This post brought to you by The Orkin Ecologist. All opinions are 100% mine.
With Halloween right around the corner, what better time to help her learn about some of the spookiest spiders than right now. Although most times her questions about the spiders she has seen around our house end with a "no that isn't a brown recluse, hand me some tissue paper". I can say that I was totally surprised when she remained completely calm in directing me towards the (correctly identified) black widow spider, who had decided to make its home beside our vent.
With an eye like that, and able to keep her cool, she not only deserves to take part in this fun project that can help her identify some of the deadliest spiders, but also deserves the fun family time to create it, learning, growing, and identifying these creatures together. I quickly learned that her two favorite spiders were the infamous black widow, and the brown recluse. I think both because of the possibility of her actually seeing one of these things in our geographic location. It is amazing that something the size of a pencil eraser, when attached to eight legs and a red hourglass can cause not only so much fear, but pain and even death! I have to say, the black widow might actually be my favorite spider as well. It's a good reminder that size and power aren't always related.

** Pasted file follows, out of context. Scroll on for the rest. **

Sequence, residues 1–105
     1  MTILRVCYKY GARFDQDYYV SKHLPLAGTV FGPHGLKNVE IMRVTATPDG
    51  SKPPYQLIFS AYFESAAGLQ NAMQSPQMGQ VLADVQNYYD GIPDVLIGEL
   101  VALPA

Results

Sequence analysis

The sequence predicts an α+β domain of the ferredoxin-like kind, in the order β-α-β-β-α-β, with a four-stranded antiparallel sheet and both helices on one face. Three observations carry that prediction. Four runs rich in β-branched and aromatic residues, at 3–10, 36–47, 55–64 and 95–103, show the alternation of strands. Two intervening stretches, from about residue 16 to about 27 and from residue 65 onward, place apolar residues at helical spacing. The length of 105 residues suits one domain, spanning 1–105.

With inspirations and resources from Orkin's ecologist website at http://ecologist.orkin.com/the-worlds-scariest-and-deadliest-insects/, and various other places around the internet we were able to identify some of the deadliest spiders known to man. I found outlines and let my daughter color them, and helped her compile some information about them, including their description and placed them on a poster board. The rest of the decoration came from the inspiration I was able to share with her.
It was simple, fun and educational. It helped her keep a harness on her fear of deadly spiders, helping to understand why they do what they do, and that they aren't as scary as she thought, just something to be admired from afar.